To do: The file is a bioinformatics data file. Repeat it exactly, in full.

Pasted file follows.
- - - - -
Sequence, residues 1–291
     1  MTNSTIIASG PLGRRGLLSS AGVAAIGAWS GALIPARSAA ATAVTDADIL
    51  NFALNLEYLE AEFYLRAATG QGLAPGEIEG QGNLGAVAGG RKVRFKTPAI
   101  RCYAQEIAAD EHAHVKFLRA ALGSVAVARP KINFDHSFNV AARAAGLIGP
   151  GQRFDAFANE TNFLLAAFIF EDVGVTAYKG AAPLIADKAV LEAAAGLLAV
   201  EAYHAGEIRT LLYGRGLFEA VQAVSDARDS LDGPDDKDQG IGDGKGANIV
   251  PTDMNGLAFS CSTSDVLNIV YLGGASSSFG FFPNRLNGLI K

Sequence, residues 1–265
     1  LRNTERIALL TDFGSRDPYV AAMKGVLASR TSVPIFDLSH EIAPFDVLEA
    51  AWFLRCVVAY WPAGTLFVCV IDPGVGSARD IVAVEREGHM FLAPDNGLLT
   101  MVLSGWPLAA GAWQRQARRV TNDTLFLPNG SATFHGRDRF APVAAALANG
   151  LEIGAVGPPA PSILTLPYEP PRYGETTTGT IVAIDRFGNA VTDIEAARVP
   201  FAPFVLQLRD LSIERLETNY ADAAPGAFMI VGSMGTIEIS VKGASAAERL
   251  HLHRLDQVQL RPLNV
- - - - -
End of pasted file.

Sequence, residues 1–291
     1  MTNSTIIASG PLGRRGLLSS AGVAAIGAWS GALIPARSAA ATAVTDADIL
    51  NFALNLEYLE AEFYLRAATG QGLAPGEIEG QGNLGAVAGG RKVRFKTPAI
   101  RCYAQEIAAD EHAHVKFLRA ALGSVAVARP KINFDHSFNV AARAAGLIGP
   151  GQRFDAFANE TNFLLAAFIF EDVGVTAYKG AAPLIADKAV LEAAAGLLAV
   201  EAYHAGEIRT LLYGRGLFEA VQAVSDARDS LDGPDDKDQG IGDGKGANIV
   251  PTDMNGLAFS CSTSDVLNIV YLGGASSSFG FFPNRLNGLI K

Sequence, residues 1–265
     1  LRNTERIALL TDFGSRDPYV AAMKGVLASR TSVPIFDLSH EIAPFDVLEA
    51  AWFLRCVVAY WPAGTLFVCV IDPGVGSARD IVAVEREGHM FLAPDNGLLT
   101  MVLSGWPLAA GAWQRQARRV TNDTLFLPNG SATFHGRDRF APVAAALANG
   151  LEIGAVGPPA PSILTLPYEP PRYGETTTGT IVAIDRFGNA VTDIEAARVP
   201  FAPFVLQLRD LSIERLETNY ADAAPGAFMI VGSMGTIEIS VKGASAAERL
   251  HLHRLDQVQL RPLNV